The arrival of autumn in the UK is no reason to despair. Sure, it makes our almost entirely alfresco social lives a little trickier to maintain but we can make it work. There are crisp bright mornings, cosy evenings and pubs with open fires to look forward to. Not forgetting great swathes of yellow, orange and brown leaves to admire. Mid-to-late-October is the best time to see autumn leaves in the UK, and these parks and woodlands are about to become the most scenic spots for super-wholesome, socially distanced strolls. See ya on the other side, summer. RECOMMENDED: The best autumn day trips from London
If there’s one thing we all need, it’s a holiday. And, after lockdown, the first thing we want to do is get behind the wheel. While we usually prefer the more eco-friendly option of travelling by train, road trips feel like the perfect post-lockdown escape, thanks to the fact that you’re able to easily social distance from others, all while exploring the country’s incredible landscapes. So here are seven of the best road trips in the UK, complete with estimated driving times, assuming you’re stopping off for multiple nights and taking the time to hike, wild swim and immerse yourself in these stunning surroundings. RECOMMENDED: Travelling in a campervan? Here are cool campervan-friendly campsites in the UK.
There were daily local walks (those little strolls that saved us during lockdown) and then there are these: world-class hiking routes that take in mountains, farmland, lakes, coastline and some of the most stunning scenery the United Kingdom has to offer. This autumn, we’ll be wearing in our new hiking boots on these routes, which wend through some of the country’s most incredible rural areas. Load up your rucksack with a tent and a multipack of plasters (or B&B hop) to tackle the entire length, or choose a smaller section for a day-long leg stretch. Either way, we’ll see you at the trail head. RECOMMENDED: The best places to visit in the UK in 2020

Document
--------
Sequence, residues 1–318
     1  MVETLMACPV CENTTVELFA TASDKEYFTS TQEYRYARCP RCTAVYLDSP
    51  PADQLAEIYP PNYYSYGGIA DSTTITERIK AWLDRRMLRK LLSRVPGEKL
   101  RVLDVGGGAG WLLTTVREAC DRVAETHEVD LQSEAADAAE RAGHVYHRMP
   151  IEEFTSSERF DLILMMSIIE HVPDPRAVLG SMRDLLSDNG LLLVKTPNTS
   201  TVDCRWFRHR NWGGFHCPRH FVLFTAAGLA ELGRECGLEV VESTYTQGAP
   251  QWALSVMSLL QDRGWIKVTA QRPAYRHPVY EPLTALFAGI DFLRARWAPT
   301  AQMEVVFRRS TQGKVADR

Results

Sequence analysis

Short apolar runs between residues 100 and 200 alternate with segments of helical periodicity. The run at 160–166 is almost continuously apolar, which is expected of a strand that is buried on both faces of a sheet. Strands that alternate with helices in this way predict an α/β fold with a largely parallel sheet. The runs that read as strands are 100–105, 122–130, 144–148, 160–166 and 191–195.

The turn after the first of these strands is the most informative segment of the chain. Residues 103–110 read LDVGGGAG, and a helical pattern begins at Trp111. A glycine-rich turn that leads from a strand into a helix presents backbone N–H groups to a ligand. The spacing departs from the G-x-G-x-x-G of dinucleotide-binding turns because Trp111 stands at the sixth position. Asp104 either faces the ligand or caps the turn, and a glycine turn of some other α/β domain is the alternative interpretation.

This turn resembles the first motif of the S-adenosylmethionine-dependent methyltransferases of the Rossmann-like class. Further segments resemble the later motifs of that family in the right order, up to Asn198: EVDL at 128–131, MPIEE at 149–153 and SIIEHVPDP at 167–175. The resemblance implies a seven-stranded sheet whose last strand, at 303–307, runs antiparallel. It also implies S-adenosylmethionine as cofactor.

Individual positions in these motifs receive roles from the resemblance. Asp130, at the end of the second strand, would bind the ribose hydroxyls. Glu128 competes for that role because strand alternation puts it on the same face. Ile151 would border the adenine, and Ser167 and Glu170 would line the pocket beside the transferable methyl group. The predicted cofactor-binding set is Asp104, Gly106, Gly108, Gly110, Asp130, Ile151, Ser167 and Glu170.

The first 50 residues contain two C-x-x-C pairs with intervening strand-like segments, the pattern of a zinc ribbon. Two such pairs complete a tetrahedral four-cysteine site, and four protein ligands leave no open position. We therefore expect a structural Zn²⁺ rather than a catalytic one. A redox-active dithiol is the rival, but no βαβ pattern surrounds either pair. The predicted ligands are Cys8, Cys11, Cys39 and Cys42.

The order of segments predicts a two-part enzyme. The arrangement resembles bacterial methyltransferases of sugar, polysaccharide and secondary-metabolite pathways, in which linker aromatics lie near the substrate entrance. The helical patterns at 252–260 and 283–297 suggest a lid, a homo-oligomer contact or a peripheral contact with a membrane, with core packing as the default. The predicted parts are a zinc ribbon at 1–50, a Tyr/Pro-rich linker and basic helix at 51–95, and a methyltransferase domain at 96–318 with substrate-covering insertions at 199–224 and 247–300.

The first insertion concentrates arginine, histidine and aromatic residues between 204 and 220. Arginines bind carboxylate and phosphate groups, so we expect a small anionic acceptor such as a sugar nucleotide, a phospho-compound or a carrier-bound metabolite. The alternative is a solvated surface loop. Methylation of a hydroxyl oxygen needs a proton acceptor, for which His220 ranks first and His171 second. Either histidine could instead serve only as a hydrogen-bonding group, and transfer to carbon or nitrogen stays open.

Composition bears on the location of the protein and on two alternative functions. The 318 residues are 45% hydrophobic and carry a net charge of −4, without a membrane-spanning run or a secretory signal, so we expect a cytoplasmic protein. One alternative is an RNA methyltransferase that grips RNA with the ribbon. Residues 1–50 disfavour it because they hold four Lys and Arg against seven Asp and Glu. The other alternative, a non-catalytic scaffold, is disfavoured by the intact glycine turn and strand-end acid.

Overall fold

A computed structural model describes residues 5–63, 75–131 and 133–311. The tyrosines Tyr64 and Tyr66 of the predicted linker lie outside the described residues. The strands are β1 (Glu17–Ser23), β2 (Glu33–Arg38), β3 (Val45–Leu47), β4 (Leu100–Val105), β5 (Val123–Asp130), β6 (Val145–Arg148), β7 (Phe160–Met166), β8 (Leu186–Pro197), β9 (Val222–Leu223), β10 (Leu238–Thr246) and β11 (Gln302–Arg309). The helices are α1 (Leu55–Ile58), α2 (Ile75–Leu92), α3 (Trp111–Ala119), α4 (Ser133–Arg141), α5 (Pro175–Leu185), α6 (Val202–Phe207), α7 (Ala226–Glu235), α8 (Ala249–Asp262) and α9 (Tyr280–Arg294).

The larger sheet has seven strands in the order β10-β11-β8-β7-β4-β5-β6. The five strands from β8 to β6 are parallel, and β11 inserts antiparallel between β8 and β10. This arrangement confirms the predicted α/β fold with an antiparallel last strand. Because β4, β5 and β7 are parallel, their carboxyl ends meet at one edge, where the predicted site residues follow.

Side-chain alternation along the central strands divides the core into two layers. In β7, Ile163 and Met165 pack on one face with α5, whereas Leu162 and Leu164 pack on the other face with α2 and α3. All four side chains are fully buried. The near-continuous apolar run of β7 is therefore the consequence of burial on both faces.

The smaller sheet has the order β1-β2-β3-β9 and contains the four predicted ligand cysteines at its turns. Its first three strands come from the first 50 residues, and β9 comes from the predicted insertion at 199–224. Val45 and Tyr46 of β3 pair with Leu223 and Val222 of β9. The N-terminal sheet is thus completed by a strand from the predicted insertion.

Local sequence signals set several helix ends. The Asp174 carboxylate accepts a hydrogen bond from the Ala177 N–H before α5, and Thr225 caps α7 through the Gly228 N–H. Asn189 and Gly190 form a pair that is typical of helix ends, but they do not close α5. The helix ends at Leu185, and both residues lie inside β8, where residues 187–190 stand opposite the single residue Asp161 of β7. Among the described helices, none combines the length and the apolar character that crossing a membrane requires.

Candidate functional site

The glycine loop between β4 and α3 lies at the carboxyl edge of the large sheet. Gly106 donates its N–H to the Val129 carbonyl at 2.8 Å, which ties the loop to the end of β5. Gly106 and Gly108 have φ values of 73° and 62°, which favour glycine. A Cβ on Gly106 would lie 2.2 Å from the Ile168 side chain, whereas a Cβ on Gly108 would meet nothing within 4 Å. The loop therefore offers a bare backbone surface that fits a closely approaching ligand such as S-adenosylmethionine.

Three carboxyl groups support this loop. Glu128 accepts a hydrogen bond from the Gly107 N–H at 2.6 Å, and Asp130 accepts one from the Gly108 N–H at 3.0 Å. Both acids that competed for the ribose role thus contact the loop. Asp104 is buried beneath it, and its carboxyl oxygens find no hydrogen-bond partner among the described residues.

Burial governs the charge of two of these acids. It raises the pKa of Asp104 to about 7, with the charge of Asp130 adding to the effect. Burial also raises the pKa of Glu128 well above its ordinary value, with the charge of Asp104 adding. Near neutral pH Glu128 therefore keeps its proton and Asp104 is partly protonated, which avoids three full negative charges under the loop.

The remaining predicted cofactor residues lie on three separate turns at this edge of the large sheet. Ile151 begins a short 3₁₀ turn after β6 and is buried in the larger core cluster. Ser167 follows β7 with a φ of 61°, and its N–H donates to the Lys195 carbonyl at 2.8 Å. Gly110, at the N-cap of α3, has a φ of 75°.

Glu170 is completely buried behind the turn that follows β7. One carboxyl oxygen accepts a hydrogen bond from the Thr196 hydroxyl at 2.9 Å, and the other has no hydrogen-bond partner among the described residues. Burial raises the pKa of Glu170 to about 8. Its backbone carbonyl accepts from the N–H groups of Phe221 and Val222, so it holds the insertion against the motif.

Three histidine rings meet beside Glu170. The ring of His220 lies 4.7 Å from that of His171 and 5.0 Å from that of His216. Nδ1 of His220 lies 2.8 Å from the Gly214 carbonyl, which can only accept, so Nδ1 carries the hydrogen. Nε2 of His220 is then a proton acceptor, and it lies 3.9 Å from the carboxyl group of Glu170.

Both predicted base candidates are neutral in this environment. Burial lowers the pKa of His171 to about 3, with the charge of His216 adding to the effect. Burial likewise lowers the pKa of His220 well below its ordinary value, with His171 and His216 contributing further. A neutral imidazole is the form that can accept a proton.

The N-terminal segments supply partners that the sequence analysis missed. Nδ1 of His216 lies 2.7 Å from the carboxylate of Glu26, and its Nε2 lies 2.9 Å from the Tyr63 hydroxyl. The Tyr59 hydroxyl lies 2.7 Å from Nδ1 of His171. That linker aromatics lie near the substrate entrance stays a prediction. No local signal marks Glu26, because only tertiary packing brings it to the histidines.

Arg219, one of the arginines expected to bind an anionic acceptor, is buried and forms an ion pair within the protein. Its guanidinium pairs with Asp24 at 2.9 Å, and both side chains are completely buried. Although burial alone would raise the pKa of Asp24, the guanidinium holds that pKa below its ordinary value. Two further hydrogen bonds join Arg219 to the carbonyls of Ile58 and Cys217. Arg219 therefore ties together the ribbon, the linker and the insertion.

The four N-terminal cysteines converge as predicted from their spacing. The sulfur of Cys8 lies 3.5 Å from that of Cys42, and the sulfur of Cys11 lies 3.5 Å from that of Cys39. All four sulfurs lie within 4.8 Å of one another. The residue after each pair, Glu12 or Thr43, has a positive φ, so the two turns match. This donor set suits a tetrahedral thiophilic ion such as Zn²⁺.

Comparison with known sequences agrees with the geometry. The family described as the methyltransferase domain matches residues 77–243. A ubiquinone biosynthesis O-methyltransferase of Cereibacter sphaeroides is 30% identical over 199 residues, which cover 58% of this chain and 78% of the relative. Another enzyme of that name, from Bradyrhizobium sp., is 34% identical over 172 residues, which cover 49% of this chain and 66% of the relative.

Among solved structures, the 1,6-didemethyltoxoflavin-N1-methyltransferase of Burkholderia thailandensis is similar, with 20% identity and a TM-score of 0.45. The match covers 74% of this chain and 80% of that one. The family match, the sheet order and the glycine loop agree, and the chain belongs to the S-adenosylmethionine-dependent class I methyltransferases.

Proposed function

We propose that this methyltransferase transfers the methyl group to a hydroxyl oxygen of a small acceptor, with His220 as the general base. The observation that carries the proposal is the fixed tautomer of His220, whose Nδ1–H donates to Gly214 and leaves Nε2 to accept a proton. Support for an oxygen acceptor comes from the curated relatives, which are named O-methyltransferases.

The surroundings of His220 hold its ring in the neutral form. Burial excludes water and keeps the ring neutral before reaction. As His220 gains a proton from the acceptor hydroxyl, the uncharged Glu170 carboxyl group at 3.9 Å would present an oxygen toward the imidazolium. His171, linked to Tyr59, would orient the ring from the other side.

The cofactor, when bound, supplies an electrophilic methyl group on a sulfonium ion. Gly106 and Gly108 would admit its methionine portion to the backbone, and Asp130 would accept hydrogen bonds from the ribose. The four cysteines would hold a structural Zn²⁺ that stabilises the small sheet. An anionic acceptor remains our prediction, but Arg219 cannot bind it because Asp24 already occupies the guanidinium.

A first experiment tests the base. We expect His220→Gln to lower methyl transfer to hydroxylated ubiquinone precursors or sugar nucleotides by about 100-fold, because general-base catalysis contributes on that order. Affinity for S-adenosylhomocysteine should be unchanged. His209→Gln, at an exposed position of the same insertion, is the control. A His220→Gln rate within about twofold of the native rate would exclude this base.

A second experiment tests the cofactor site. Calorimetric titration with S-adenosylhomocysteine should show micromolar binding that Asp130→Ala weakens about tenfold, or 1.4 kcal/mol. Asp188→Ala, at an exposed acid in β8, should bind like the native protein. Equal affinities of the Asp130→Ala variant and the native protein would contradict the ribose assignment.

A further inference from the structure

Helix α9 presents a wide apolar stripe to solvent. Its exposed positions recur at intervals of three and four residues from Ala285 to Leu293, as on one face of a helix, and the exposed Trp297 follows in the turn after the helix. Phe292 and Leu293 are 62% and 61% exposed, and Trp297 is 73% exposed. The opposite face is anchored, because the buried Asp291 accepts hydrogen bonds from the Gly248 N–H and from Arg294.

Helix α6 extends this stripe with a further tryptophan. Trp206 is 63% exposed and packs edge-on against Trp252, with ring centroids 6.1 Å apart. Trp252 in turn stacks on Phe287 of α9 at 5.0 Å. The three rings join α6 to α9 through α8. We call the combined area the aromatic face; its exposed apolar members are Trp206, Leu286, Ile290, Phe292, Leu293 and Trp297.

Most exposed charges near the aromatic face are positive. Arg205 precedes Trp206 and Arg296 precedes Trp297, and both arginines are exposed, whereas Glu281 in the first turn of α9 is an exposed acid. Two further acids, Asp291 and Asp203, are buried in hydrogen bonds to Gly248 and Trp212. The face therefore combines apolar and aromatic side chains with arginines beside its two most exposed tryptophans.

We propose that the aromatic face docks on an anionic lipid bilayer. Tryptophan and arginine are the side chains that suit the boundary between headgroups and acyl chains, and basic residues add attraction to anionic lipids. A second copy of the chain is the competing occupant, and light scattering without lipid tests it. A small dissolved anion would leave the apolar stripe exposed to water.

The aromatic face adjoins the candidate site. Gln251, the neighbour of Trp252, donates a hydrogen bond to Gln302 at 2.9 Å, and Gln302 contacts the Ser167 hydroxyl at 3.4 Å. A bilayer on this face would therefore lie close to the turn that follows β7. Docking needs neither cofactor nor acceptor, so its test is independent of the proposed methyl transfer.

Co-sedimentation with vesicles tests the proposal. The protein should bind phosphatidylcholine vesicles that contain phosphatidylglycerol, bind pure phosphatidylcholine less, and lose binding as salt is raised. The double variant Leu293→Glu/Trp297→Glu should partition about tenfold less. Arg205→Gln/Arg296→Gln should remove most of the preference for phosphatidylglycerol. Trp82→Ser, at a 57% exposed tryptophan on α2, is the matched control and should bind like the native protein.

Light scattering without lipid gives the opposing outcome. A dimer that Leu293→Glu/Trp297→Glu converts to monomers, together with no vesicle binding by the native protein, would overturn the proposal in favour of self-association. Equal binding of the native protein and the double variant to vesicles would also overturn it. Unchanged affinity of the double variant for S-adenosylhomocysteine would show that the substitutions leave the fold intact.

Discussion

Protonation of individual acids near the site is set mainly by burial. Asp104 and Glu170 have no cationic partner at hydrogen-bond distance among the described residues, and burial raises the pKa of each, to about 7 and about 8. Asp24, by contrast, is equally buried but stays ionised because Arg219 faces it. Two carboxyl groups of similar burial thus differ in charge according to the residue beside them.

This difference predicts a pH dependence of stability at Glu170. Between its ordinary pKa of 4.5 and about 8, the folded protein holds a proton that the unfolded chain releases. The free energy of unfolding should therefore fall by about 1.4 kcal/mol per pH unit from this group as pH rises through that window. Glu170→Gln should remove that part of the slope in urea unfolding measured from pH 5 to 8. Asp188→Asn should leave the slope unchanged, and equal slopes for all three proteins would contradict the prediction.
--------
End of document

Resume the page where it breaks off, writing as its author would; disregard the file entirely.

You can call it ‘sortumn’ or (if you really want to abuse the English language) ‘autummer’ but let’s just say it straight: we missed half of the sunny season this year, thanks to lockdown, so our appetite for UK breaks isn’t going to be dampened by falling temperatures or rotting leaves. We’ll be keeping those holiday vibes going for a good few months yet, and these cottages and cabins – which all still had autumn availability at the time of writing – are the places to do it. RECOMMENDED: The best places to visit in the UK
Ready to leave the city behind? After lockdown, planning a holiday in the UK seems like the easiest and less-likely-to-go-wrong option. And spending that holiday in a campervan feels genius. Not only can you easily social-distance and keep yourself to yourself, you can also explore as much of the UK as you fancy, from the sunny beaches along the south coast right up to the Scottish Highlands. Chances are you don’t have a camper parked handily outside your flat right now (if you do, can we borrow it please?) so here are three ways to get you started on a campervanning holiday in the UK. RECOMMENDED: The best places to visit in the UK this year